School of Architecture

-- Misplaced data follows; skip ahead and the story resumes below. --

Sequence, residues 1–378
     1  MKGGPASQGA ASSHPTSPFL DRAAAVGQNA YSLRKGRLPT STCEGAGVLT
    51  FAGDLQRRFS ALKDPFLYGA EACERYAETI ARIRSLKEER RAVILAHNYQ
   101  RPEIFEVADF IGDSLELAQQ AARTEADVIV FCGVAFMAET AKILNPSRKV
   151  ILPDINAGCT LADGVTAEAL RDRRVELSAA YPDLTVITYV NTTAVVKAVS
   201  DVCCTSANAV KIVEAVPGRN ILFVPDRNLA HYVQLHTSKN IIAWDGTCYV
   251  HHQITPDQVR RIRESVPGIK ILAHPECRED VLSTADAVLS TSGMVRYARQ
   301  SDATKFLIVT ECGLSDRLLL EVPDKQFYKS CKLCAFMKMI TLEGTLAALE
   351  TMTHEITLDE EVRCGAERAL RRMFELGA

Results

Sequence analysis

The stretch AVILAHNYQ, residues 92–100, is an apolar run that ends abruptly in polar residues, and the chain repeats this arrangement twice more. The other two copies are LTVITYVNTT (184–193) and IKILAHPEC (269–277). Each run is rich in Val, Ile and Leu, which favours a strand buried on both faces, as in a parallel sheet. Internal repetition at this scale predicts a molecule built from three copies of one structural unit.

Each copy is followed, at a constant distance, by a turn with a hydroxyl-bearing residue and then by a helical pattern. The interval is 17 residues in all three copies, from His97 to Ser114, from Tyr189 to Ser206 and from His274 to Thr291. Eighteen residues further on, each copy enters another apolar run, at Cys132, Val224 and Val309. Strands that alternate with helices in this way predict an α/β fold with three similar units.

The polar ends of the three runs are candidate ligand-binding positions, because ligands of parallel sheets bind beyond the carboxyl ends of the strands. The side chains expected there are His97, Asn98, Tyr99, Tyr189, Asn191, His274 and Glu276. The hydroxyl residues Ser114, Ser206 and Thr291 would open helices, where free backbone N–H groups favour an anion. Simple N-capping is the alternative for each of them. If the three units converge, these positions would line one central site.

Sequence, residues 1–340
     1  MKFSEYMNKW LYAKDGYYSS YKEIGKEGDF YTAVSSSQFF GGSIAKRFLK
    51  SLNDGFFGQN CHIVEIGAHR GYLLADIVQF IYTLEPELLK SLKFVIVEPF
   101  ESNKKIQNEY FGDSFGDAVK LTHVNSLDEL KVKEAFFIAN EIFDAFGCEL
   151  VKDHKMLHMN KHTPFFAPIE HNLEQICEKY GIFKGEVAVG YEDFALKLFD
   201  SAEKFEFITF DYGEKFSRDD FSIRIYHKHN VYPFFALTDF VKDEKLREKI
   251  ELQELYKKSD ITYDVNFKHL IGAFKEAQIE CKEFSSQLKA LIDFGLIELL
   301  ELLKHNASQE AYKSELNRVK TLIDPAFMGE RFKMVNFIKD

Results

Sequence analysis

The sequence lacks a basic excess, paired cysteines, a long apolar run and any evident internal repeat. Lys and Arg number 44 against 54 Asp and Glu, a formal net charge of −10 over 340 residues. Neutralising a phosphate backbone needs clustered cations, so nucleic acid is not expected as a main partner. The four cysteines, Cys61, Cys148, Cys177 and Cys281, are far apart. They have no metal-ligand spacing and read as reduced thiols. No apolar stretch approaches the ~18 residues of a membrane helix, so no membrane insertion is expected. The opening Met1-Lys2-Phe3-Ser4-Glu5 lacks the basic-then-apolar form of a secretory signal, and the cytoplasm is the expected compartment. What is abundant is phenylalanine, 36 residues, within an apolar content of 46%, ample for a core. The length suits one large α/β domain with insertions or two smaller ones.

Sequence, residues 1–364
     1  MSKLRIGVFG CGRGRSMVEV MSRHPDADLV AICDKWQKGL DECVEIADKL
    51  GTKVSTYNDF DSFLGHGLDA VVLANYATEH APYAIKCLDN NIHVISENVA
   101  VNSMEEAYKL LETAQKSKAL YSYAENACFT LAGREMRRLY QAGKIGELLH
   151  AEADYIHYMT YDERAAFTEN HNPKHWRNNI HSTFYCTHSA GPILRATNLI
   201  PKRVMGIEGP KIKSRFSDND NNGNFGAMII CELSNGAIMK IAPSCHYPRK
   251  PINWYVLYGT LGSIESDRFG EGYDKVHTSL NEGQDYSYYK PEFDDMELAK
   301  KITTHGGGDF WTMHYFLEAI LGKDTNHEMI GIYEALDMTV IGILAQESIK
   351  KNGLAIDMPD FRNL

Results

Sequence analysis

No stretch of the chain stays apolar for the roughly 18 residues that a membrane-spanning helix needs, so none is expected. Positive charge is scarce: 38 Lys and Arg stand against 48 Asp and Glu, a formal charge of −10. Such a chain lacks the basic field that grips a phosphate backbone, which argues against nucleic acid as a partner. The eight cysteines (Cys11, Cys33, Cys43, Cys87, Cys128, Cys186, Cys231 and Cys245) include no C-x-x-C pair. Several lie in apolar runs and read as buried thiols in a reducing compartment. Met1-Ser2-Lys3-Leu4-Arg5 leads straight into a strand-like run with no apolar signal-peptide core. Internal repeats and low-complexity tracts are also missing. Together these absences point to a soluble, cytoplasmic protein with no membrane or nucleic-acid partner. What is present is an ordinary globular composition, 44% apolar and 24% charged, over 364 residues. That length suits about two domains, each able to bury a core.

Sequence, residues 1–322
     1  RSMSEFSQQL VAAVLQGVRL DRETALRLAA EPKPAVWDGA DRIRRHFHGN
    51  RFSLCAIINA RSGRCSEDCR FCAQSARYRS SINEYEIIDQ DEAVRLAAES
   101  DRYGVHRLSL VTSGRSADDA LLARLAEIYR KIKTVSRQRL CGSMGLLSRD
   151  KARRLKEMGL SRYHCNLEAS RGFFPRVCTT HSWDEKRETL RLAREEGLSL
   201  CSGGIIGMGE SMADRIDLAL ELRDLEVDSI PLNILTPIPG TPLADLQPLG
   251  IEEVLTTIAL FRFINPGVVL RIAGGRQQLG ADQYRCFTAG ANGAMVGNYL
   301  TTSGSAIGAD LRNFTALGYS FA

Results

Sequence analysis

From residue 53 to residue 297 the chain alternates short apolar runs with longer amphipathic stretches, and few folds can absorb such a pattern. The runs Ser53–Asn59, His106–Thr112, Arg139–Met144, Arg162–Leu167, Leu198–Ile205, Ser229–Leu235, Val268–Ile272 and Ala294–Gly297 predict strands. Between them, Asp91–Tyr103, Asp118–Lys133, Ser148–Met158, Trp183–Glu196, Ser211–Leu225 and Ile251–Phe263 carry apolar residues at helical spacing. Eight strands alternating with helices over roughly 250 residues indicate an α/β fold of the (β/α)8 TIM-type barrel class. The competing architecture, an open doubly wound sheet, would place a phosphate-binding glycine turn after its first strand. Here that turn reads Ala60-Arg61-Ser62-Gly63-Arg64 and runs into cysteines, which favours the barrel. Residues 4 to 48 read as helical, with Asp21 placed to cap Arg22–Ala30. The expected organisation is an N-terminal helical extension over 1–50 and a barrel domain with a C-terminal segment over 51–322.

Branden Hookway's research deals with planning theory’s interiors, with a focus on office landscaping and architectural theory in the 1970s.The use of methods drawn from planning and the social sciences in architectural education and practice was perhaps the defining point of contention in schools of architecture across North America and Europe in the 1970s. While architects of the postwar era, following the pre-war modernists, largely viewed urban planning as within the discipline of architecture, the 1970s saw a questioning and occasional outright break of that relationship. At Princeton University, for example, the planning department split from the School of Architecture and the PhD program in the School of Architecture shifted focus from planning to history and criticism. A number of factors were at play here: the declining role of the State as patron of postwar rebuilding and planning projects and consequently the decreased availability to architects of State-sponsored projects like low-income housing, schools, and the like; a growing sense that a number of planning initiatives had failed, and a perception that planners were insensitive to the “organic” growth and behavior of cities; and the rise of critical theory in architecture and notions of the “autonomy” of architecture as a cultural practice. This project examines the relationship between the disciplines of architecture and planning in the 1970s through the work of Frank Duffy, a doctoral student at the Princeton School of Architecture who graduated in 1974 and went on to found a firm specializing in office planning. Duffy’s thesis, Office Interiors and Organizations, serves as the focal point of the study. Duffy’s work is of interest here not only in its proposal for a kind of planning with private industry and not the State as its patron, but also in that office landscaping may be viewed as cultural work as much as an instrumental technique, addressing the new theories of management that were transforming contemporary business.